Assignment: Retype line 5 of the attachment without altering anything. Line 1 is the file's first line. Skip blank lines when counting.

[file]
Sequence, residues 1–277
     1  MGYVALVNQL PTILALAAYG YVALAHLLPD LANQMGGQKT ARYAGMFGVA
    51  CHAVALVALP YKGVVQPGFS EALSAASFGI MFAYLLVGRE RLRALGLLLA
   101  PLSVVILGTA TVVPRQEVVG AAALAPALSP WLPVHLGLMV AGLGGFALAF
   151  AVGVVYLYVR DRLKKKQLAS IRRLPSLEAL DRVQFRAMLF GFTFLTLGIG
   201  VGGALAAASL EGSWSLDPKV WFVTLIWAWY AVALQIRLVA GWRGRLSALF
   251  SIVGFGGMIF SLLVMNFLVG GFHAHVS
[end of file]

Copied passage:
   151  AVGVVYLYVR DRLKKKQLAS IRRLPSLEAL DRVQFRAMLF GFTFLTLGIG